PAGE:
Now, she hopes to see the inauguration of the first black US president, perhaps even travel to Washington for it. And she confided the secret of her long life: "I don't know how it happened, but being cheerful all the time might have a lot to do with it."

Timeline: Milestones in the history of black America


The first African slaves are brought into North America aboard a Dutch ship, arriving in Virginia.


Phillis Wheatley, a slave who arrived in the US as a young child, becomes the first African American writer to publish a book of verse, "Poems on Various Subjects, Religious and Moral".


Uncle Tom's Cabin, Harriet Beecher Stowe's anti-slavery novel which had a massive influence on public perception of the trade, is published.


Civil War erupts after 11 pro-slavery southern states break away to form the Confederacy. When the Unionprevails in 1865, an estimated four million slaves are freed after bondage is abolished.


Hiram Revels, a Mississippi Republican who fought in the Civil War, becomes the first black senator and serves for a year.


African-American athlete Jesse Owens wins four gold medals at the Berlin Olympics, having set three world records in Michigan the year before.


The segregation of American baseball is broken as Jackie Robinson becomes the first African-American player in major league baseball, signing for the Brooklyn Dodgers.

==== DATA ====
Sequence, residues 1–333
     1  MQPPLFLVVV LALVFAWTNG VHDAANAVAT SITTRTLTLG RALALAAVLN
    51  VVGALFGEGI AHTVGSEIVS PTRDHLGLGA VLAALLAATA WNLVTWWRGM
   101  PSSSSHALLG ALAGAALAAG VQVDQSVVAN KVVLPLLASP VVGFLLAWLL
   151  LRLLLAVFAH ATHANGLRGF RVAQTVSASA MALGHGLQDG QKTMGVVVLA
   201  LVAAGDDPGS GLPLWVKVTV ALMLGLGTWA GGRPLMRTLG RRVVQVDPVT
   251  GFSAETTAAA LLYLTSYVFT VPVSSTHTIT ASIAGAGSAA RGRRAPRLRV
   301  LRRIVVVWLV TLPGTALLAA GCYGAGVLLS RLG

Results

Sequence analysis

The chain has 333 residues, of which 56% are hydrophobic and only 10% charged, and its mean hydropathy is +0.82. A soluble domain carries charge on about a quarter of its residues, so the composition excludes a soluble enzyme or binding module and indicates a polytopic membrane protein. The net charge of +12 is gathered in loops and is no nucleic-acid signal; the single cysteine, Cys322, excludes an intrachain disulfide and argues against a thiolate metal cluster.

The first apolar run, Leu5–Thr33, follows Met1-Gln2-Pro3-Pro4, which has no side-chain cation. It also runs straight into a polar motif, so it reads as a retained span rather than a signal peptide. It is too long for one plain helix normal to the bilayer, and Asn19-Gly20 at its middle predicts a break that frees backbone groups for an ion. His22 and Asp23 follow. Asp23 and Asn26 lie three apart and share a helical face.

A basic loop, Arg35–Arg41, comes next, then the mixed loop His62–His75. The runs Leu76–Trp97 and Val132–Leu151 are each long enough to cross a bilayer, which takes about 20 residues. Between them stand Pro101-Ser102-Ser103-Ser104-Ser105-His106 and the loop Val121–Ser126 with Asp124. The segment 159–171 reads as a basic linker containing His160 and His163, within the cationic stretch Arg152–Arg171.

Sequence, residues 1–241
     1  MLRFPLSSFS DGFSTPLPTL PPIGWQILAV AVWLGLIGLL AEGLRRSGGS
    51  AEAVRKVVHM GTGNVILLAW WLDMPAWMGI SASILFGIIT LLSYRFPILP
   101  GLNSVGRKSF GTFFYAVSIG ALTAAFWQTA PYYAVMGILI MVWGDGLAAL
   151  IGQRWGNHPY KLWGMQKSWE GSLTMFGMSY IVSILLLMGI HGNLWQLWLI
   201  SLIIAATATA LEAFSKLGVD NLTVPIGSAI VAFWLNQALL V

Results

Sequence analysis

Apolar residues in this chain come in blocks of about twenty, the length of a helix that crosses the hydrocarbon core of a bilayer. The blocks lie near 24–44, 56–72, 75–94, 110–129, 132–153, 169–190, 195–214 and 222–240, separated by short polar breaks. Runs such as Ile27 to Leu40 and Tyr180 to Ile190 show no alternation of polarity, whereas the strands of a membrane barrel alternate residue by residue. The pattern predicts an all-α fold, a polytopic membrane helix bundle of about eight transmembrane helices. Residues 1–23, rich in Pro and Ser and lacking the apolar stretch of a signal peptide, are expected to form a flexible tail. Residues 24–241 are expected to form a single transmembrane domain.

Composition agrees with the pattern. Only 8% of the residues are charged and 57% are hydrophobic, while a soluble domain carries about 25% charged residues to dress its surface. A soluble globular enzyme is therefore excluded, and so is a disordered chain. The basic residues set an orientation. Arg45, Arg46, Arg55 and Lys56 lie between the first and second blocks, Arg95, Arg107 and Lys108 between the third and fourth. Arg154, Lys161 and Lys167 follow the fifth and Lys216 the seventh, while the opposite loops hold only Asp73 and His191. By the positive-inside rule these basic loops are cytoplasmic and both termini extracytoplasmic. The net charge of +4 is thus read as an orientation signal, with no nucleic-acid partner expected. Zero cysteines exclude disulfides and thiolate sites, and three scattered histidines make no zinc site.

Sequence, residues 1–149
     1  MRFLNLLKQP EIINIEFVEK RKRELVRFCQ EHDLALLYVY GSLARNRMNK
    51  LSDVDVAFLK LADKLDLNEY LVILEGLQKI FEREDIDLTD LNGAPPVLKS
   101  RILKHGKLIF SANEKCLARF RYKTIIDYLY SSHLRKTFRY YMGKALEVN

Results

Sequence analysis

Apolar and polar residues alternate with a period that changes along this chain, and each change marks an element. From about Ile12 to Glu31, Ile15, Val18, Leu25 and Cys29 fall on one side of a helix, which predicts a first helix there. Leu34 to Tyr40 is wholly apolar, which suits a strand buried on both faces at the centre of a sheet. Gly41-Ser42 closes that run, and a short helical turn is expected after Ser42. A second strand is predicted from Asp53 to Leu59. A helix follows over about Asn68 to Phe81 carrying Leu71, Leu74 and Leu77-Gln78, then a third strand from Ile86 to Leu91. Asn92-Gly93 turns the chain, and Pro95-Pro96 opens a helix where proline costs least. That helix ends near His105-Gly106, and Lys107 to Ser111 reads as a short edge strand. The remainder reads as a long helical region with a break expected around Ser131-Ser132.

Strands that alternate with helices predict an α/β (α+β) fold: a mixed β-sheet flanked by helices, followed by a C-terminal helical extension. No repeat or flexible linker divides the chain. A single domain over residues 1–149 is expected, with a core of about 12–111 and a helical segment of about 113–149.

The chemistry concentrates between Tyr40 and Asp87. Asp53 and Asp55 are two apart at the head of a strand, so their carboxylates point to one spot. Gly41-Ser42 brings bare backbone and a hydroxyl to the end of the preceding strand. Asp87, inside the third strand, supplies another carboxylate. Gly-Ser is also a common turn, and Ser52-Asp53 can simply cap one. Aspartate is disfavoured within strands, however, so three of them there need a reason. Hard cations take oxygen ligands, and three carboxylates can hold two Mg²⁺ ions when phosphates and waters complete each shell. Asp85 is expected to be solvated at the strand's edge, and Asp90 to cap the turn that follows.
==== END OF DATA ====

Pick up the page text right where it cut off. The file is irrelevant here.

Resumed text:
This was the year an ordinary black seamstress refused to give up her seat to a white passenger on a bus in Alabama. Her name was Rosa Parks and her arrest led to the Montgomery bus boycotts. Her revolt is often credited with launching the era of protests that lasted through the 1960s.


Arkansas Governor Orval Faubus orders state troops to prevent a group of African-American students from entering the Central High School in Little Rock. After violence breaks out, President Dwight D Eisenhower sends 1,000 paratroopers to protect the "Little Rock Nine", as the students become known, and escort them into class.


The legendary record label, Motown Records, whose artists will include Stevie Wonder, Marvin Gaye and Diana Ross & The Supremes, is founded in Detroit.


A quarter of a million people gather for the March on Washington and hear the most famous piece of oratory of the civil rights movement, Martin Luther King's "I Have A Dream". In the same year, Sidney Poitier becomes the first African American to win a best actor Oscar for Lilies of the Field.


Cassius Clay joins the Nation of Islam and changes his name to Muhammad Ali.


Malcolm X, a major civil rights leader and spokesman for Black Nationalism, is assassinated.


Tommie Smith and John Carlos give the Black Power salute on the podium at the Mexico Olympics after winning gold and bronze respectively in the 200m. The two are suspended from the American team, banned from the Olympic village and sent back to the United States. In the same year, Martin Luther King is assassinated.


Shirley Chisholm, already the first black woman to sit in the House of Representatives, becomes the first African American to run for president, gaining 151 convention delegates in her bid to become the Democratic nominee. Jesse Jackson becomes the second in 1983.


When Rodney King is caught by the LAPD after a car chase in 1991, a member of the public videotapes him being beaten and shot with a Taser gun. When the four white police officers are acquitted a year later, riots in Los Angeles leave more than 50 dead.


Colin Powell is appointed by George Bush as the first African-American Secretary of State.